• There is a hierarchy of appeals; if somebody makes a mistake,

  • how to appeal.

  • This, of course, all makes it efficient.

  • Now we know that bureaucracies are often inefficient.

  • So how to reconcile this?

  • Well it's not that Weber was totally insensitive to the

  • problem of inefficiencies of bureaucracies,

  • and he formulated it how that bureaucracies are caught between

  • formal and substantive rationality.

  • That's the way how I would probably defend Weber--to say he

  • was not that naīve to believe that bureaucracies are

  • always efficient.

  • They would be efficient if they would be purely formally

  • rational, but they are not.

  • And one good example is welfare bureaucracies,

  • which do establish a kind of patron-client

  • relationships--right?--between bureaucracies and clients.

  • Some people refer to this as welfare dependency,

  • which makes it, of course, a cause of

  • inefficiency.

  • Well this is a nice question to answer, and we discussed this a

  • great deal.

  • We know that charismatic leaders appear in times of

  • crisis, when people are looking for a change.

  • Right?

  • So Barack Obama, during the presidential

  • campaign, he has read Weber carefully;

  • he knew how to frame--right?--his message

  • exactly as a charismatic message.

  • It was all about change, and it was about hope.

  • Right?

  • In contrast with Hillary Clinton or John McCain.

  • Both of them emphasized that "we are experienced'.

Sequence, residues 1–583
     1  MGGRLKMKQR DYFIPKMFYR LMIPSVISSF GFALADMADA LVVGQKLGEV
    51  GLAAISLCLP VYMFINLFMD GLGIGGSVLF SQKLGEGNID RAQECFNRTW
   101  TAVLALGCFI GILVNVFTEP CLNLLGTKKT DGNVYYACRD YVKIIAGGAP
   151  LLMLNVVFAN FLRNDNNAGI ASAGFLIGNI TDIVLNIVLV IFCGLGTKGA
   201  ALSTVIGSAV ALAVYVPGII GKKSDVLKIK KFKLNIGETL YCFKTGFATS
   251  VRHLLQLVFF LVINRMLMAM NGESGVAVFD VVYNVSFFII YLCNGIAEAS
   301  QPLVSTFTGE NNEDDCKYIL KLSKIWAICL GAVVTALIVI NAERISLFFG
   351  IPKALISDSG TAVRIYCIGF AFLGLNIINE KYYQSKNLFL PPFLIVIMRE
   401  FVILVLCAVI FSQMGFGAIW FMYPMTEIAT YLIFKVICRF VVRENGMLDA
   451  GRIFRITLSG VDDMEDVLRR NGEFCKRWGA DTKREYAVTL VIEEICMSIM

• This is not what people wanted to hear when they wanted to have

  • change.

  • So yes, in this respect, Barack Obama did have a

  • charismatic appeal, and this charismatic appeal did

  • gel.

  • Right?

  • Many people responded to his charisma.

  • He was criticized by his opponent that he's a rock

  • star--right?--because people got so excited about him.

  • So he could appeal to the emotion of people.

  • Right?

  • He could appeal to them.

  • But, of course, as we again discussed in

  • discussion sections-- also briefly in class--Barack

  • Obama has a charismatic appeal, but he operates in a

  • legal-rational authority.

  • Right?

  • And we just have seen that very recently--right?--making a

  • decision about the war in Afghanistan.

  • Right?

  • Well he had to deal with realities.

  • Right?

  • So well Weber would--in the classical sense,

  • charisma in Weber is reserved to great religious leaders,

  • such as Muhammad or Jesus or whatever,

  • or the great prophets.

  • And in this sense charisma is not really applicable to

  • politicians operating in legal-rational authority.

  • So Weber would have some unease to call Barack Obama a

  • charismatic leader.

  • I would think he would concede that certainly Barack Obama had

  • charismatic features, as such.